26. 26. Dexterity/mobility difficulties  Loss of limb  Risk or loss of feeling or control  Limited reach, strength, manipulation  Arms full, hand in a cast, pain davidberman.c om
  27. 27. 27 Hearing difficulties From slight hearing loss to complete deafness davidberman.c om
  28. 28. 28 Language and speech difficulties  Aphasia  Delayed speech  Lack of knowledge/skills (e.g. illiteracy) davidberman.c om
  29. 29. 29 Cognitive and learning difficulties  Dyslexia, dysgraphia, distraction, ADD, ADHD  Developmental disabilities  Being a search engine rather than a human! davidberman.c om
  30. 30. 30 Cognitive and learning difficulties: dyslexia Dyslexia d b davidberman.c om
  31. 31. Assistive technologies In a world that assumes all faculties are available, swapping and extending senses is the creative response… davidberman.c om
  32. 32. 32 Instead of reading small… magnify  Magnifier software (e.g. ZoomText)  Large print software  Large print keyboard  Text size commands  Pinch-zoom touch interfaces davidberman.c om
  33. 33. 33 davidberman.c om Instead of seeing unclearly… enhance eSight Corporation’s computerized glasses reconfigures high-definition
  34. 34. 34 Instead of mousing… point nose and blink! NRC’s Nouse scans head movements and eye blinks davidberman.c om
  35. 35. 35 Instead of swiping and scrolling… move your eyes Tobii EyeMobile uses gaze alone with every Windows app davidberman.c om
  36. 36. 36 Instead of typing… talk  Voice recognition commands the device through voice (for example, Dragon Naturally Speaking, Siri, Google Now)  …or augment challenged typing by hearing what you have just typed davidberman.c om
  37. 37. 37 Instead of typing… click, sip, puff, tap  Alternative keyboards, input devices  Software can assist typed input through anticipation and filtering  Scalable objects help too davidberman.c om
  38. 38. 38 Instead of reading… feel davidberman.c om Dynamic braille displays raise or lower dot patterns on command … typically 12 to 80 cells. Braille embossers print braille.
  39. 39. 39 Instead of reading… listen  Screen readers (e.g., JAWS, NVDA, Window-Eyes, VoiceOver, TalkBack, Narrator, Thunder) davidberman.c om
  40. 40. “The revolution will not be televised …because it’s on the Internet.” | ALEXANDER FELSENBERG, GERMANY davidberman.c om
  41. 41. Affordable accessibility: Jaipur foot and knee davidberman.c om
  42. 42. Global shift to mobile davidberman.c om
  43. 43. 44 Global shift to small screen and touch By the end of 2013, more people on Earth owned a smartphone (22%) than a laptop (20%). davidberman.c om
  44. 44. 45 Mobile has opened up a world of affordable development for accessibility davidberman.c om
  45. 45. 46 Mobile is reducing the barriers of cost and convenience by putting many devices in one davidberman.c om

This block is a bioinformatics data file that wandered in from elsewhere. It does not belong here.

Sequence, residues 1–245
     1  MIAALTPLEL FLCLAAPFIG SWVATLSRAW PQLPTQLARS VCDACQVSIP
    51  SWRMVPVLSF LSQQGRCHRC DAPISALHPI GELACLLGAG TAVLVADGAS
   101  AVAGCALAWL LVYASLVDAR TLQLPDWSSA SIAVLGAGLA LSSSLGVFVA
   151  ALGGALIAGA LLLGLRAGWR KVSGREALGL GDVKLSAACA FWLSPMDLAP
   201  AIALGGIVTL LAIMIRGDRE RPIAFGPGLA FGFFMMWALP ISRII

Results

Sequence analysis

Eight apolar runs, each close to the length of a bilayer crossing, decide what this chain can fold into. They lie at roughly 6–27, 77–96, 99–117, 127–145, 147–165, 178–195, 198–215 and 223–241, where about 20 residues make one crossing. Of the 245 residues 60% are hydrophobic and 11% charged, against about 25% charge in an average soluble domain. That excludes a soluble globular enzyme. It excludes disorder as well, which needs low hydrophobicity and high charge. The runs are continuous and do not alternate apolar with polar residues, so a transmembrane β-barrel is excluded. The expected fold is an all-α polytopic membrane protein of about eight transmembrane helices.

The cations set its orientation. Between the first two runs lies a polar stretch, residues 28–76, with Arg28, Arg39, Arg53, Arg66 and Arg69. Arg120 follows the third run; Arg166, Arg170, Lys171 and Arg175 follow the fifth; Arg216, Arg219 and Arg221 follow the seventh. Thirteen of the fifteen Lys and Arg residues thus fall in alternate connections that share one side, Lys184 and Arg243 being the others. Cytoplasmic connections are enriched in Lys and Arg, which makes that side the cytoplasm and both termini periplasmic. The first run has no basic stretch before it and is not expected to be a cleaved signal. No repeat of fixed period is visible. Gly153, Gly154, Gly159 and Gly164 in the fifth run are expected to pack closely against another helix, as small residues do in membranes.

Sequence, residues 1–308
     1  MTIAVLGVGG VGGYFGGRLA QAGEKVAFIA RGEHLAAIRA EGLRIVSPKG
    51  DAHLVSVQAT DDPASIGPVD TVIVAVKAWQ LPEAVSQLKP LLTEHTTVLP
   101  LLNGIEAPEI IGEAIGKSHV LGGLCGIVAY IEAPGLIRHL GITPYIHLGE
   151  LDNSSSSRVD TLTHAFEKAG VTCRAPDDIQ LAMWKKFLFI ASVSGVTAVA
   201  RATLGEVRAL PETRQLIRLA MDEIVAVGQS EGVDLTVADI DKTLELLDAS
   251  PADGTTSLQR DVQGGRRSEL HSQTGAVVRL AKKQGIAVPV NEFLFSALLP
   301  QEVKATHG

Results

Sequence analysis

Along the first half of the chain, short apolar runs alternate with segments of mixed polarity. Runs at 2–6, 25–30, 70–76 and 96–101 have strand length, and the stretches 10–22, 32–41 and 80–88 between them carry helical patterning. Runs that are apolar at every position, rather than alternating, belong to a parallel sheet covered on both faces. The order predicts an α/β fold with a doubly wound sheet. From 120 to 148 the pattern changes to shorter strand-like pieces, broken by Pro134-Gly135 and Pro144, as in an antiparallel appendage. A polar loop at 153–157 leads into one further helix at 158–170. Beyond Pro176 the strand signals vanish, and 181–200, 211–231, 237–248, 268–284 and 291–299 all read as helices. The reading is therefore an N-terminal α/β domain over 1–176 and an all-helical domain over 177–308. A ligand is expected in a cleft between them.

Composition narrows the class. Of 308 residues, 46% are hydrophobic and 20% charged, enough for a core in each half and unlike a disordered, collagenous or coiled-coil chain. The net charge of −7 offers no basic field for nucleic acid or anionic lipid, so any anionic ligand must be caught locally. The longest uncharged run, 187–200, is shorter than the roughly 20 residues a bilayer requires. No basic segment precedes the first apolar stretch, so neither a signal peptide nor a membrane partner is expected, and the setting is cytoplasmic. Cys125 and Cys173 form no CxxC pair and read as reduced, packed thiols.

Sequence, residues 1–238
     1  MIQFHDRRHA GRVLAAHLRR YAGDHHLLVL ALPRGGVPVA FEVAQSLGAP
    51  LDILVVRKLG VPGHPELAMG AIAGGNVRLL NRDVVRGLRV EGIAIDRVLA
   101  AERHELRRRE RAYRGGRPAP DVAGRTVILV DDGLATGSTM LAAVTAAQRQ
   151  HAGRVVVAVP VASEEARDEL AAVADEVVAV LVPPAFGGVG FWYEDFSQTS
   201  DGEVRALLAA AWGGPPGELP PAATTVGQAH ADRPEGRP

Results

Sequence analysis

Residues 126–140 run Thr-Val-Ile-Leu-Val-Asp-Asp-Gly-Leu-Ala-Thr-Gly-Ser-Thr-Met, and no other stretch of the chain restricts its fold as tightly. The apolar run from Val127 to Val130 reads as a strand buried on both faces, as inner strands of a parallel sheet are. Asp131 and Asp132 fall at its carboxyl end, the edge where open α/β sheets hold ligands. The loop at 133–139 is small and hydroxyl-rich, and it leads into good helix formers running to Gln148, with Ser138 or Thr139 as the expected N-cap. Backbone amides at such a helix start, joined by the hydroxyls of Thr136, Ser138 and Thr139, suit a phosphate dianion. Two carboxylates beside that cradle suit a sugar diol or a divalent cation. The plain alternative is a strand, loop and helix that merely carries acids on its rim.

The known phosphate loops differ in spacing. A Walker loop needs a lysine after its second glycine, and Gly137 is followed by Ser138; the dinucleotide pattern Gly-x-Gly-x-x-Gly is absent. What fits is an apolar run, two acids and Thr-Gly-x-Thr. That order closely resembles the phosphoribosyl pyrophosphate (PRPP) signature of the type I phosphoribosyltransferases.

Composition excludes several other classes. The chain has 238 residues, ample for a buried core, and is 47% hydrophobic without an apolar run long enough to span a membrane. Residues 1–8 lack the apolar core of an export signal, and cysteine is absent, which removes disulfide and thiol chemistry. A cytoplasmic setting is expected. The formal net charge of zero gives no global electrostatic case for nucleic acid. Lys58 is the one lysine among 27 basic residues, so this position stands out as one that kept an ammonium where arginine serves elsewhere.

46. 46. 47 Mainstream applications are bumping some of the need for specialized assistive technologiesDedicated devices are giving way to apps davidberman.c om
  47. 47. 48 The ideal accessible digital world Usable by everyone on any user agent (e.g. browser, app, PDF/eBook reader) on any kind of device with any kind of connection in any kind of environment davidberman.c om
  48. 48. 1. process orientation 2. strategy 3. technical discovery 4. content outline 5. information architecture design 6. estimating (project planning) 7. graphic design 8. production (programming, testing, maintenance) 9. evaluation 49 When to plan for accessible publishing davidberman.c om
  49. 49. 50 Common Standards “guidelines”, “recommendations”, “requirements”, “success criteria”, “WCAG”, “CLF”, “AODA”, “IASR”, “Section 508”, “W3C”, “PDF/UA”, oh my! “ It felt like I was being forced to learn a whole new language from someone who was deliberately trying to confuse m
  50. 50. 51 WCAG 2.0 success criteria W3C (World Wide Web Consortium) publishes WCAG 2.0 (Web Content Accessibility Guidelines) … can inoculate us against future change. davidberman.c om
  51. 51. 52 WCAG 2.0 “conformance levels” (published 2008, ratified 2010) NOTHING LEVEL A LEVEL AA LEVEL AAA Worst   Best  Without level A: some people will find it impossible  Without level AA: some people will find it difficult  Without level AAA: some people will miss full impact For your site to be Level AA compliant, you must meet all 25 Level A and 13 Level AA standards. davidberman.c om
  52. 52. 53 WCAG 2.0 as a legal standard trending globally Canada govt. CLF 2.0 Part 2 WCAG 1.0 2001 Canada govt. Standard on Web Accessibility WCAG 2.0 AA 2011 Ont. govt.+biz AODA IASR WCAG 2.0 A/AA 2012- 2021 Quebec govt. SGQRI 008 ~WCAG 2.0 2011 Manitoba govt. Website Standards WCAG 1.0 2005 USA, NY govt. Section 508 WCAG 1.0 partial current USA govt. “new” Section 508 WCAG 2.0 AA 2015 Illinois govt. IITAA ~WCAG 2.0 AA ~2015 Australia govt.+biz IPS/NTS WCAG 2.0 A/AA* 2012-2014 EU govt. Mandate M 376 WCAG 2.0 ??? France govt. RGAA 2.2.1 ~WCAG 2.0 2011 Germany govt. BITV 2 ~WCAG 2.0 2011 New Zealand govt. NZGWS 2.0 WCAG 2.0 2011 davidberman.c om